Nor can it be said that there was apparent authority for American Way to act on Mayflower's behalf with respect to the transaction. As noted above, it is the third party's perception of the Mayflower-American Way relationship that must be considered to determine whether apparent authority should be imposed. If the third party to be considered is Manchester, no apparent authority can possibly exist. Manchester had absolutely no contact with American Way and therefore could not have perceived the company as acting on behalf of Mayflower.

Even if the third party whose perception is to be considered is Lancaster, the court declines to hold that apparent authority should be found. For obvious reasons, the court has not been presented with any direct evidence of who Lancaster believed he was dealing with when he contracted with American Way. The fact that Lancaster's letter was addressed to Mayflower is the only evidence of Lancaster's perception. The court holds that this letter is not evidence strong enough on which to base a finding of apparent authority as to Lancaster — much less strong enough evidence to support plaintiff's claim that Mayflower should be liable in apparent authority to Manchester, a stranger to the transaction between Lancaster and American Way.

Even if the letter is deemed sufficient evidence of Lancaster's reasonable belief that he was contracting with Mayflower, and that belief may inure to the benefit of Manchester, there is absolutely no evidence that Mayflower was responsible for the appearance that American Way acted on its behalf when dealing with Lancaster. As noted, recovery on an apparent authority theory is dependent upon a showing that the principal was responsible for the appearance of authority. Herbert Construction, 931 F.2d at 993-94. Here, there is simply no evidence of any such action on the part of Mayflower. In light of the foregoing, the court holds that Mayflower may not be held liable to Manchester based upon an agency theory of liability.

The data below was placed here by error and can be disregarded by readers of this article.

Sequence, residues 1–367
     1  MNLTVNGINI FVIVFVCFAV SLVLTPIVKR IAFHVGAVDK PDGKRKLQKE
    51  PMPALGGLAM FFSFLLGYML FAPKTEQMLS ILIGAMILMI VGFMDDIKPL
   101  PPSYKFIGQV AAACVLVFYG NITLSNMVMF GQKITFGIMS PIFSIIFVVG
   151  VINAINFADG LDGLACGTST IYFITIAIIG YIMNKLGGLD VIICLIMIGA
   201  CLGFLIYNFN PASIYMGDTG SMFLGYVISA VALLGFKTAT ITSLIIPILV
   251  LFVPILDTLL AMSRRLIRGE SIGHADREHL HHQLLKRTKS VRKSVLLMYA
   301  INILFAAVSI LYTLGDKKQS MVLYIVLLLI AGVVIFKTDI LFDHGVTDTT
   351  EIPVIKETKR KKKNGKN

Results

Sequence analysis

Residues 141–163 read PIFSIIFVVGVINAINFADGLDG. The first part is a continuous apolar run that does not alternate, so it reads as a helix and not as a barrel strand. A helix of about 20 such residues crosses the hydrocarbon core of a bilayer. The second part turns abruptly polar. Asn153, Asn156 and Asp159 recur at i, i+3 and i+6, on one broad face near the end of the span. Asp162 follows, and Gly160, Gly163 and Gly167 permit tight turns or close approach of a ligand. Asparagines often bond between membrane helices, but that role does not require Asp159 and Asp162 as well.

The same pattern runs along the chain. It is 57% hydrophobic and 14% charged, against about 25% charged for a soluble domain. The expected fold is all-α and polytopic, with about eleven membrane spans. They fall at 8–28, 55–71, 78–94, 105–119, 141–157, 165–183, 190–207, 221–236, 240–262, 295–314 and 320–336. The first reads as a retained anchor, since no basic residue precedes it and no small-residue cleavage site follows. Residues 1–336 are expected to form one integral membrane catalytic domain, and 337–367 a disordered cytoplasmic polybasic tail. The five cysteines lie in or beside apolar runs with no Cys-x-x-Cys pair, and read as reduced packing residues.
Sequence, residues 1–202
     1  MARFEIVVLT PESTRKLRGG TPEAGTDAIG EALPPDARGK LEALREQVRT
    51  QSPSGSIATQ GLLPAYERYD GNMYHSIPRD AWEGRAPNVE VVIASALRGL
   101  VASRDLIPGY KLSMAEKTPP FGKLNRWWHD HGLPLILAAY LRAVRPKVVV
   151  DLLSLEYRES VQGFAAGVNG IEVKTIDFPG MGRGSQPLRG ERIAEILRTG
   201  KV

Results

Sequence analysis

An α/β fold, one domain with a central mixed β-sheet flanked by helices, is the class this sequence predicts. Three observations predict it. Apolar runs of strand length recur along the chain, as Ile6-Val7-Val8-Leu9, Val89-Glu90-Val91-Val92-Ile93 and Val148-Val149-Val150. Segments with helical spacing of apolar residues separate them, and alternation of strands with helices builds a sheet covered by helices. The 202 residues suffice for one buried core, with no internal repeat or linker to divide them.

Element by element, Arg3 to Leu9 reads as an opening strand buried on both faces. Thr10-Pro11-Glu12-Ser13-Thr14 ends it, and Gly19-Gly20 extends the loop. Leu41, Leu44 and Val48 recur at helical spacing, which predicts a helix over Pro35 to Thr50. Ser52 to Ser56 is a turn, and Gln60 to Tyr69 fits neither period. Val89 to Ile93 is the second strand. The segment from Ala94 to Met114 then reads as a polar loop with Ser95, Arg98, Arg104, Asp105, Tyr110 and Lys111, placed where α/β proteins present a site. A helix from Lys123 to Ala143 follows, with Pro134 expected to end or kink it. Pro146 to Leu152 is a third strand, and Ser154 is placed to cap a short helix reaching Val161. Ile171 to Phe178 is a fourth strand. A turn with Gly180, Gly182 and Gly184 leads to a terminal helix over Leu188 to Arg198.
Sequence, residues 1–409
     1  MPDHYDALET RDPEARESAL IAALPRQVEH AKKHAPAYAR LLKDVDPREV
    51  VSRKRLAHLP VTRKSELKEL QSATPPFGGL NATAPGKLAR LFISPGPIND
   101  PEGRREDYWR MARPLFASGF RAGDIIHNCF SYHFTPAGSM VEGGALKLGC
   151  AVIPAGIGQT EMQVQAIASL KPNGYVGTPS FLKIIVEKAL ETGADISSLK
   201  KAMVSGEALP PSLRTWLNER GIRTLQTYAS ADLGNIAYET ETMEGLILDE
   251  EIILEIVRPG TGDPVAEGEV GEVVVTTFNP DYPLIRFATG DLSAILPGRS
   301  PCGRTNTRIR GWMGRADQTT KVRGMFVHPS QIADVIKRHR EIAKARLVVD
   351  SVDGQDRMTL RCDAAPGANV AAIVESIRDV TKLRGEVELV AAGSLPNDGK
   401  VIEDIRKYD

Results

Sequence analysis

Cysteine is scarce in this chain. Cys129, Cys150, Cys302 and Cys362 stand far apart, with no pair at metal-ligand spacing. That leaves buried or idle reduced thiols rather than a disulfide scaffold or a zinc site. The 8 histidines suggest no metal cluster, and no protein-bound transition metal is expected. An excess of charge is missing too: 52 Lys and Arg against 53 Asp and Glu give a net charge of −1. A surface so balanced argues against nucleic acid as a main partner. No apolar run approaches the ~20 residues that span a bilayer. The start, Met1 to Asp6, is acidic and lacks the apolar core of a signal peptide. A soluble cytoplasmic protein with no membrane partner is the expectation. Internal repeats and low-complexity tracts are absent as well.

For the foregoing reasons, the court holds that Mayflower cannot be held liable to Manchester either by virtue of its status as the parent company of American Way or on any agency theory of liability. It is therefore unnecessary to reach the additional grounds raised in Mayflower's motion. The court grants Mayflower's motion for summary judgment. Because all other defendants have been previously dismissed by order of this court, the Clerk of the Court is directed to close the file in this case.